OM in the News: A Restaurant Without Servers, Registers or Visible Cooks
There’s a new quinoa restaurant in San Francisco, one where customers order, pay and receive their food and never interact with a person, writes The New York Times (Sept. 9, 2015). The restaurant, Eatsa, the first outlet in a company with national ambitions, is almost fully automated. There are no waiters or even an order taker behind a counter. There is no counter. There are unseen people helping to prepare the food, but there are plans to fully automate that process, too, if it can be done less expensively than employing people. Whether a restaurant that employs few people is good for the economy is another question. Restaurants have traditionally been a place where low-skilled workers can find employment.
Automation is transforming every industry. Business owners look to substitute machines for human labor. It happened to blue-collar workers in factories and white-collar workers in banks and even law firms. With self-driving vehicles, it may happen in the taxi and trucking industries. Robots are expected to transform health care. Automation is already part of many restaurants. Reservations are made online, orders arrive at the kitchen electronically, and bills are paid with a swipe on an iPad. Chains like Chili’s use tablet computers for ordering and paying, to speed the process and cut personnel costs.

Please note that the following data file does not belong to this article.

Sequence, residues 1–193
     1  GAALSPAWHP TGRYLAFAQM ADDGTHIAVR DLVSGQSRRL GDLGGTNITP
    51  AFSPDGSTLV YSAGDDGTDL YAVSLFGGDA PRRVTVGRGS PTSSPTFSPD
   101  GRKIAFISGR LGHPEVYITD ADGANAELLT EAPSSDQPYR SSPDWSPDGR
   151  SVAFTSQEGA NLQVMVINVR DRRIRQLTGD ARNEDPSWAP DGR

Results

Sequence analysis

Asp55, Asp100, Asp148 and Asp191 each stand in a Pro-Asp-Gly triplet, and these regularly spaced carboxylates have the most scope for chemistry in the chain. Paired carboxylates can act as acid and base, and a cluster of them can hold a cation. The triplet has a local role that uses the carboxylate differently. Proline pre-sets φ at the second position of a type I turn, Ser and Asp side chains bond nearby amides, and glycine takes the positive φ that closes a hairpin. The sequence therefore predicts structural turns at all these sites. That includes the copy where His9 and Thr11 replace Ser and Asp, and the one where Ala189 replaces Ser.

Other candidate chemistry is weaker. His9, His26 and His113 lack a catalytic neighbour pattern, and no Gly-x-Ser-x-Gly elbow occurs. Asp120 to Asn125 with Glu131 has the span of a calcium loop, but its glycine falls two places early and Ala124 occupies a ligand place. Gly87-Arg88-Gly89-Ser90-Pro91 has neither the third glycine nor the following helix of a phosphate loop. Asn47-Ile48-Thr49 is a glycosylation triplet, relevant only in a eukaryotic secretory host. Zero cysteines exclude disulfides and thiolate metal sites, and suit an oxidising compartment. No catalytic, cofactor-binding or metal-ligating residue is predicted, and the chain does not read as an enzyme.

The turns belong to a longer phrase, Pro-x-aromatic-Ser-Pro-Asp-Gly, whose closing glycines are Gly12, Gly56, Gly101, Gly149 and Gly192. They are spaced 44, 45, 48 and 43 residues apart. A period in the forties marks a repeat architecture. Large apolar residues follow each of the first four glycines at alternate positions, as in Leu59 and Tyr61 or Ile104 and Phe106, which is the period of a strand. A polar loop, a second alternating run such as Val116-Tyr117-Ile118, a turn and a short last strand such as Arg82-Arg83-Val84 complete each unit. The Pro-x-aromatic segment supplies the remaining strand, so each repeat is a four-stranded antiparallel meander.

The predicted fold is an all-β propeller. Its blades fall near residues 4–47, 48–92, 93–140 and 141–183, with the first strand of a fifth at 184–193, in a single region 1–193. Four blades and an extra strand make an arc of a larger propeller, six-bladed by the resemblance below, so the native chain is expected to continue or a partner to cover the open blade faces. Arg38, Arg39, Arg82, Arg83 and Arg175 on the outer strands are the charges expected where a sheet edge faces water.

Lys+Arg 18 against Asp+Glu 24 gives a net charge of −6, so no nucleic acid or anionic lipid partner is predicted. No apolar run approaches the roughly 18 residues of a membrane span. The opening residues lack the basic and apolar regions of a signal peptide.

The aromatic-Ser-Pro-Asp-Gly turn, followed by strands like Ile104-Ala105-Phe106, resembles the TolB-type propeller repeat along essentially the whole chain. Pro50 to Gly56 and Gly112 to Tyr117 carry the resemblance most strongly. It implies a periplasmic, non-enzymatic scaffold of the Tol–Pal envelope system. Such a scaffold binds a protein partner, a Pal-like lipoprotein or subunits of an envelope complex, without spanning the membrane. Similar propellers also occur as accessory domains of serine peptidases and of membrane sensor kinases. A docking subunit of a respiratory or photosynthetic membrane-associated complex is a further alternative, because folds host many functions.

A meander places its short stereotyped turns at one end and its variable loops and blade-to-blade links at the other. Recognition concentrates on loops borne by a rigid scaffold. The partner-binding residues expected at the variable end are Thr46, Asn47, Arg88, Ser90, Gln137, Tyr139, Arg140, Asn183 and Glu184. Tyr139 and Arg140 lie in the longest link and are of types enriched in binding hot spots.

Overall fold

Eatsa is one more example of how rapidly machines have moved beyond routine jobs like clerical and manufacturing work to knowledge jobs and service jobs — like waiting tables. “The objective is over time we want to automate more and more to increase speed and reduce cost, so we create a food product that’s much cheaper and also happens to be healthy,” said the founder. “By not hiring people to work in the front of the restaurant,” he said, “they save money on payroll and real estate.”
Classroom discussion questions:
- What are the advantages and disadvantages of Eatsa‘s approach?
- What technologies do other restaurants use already?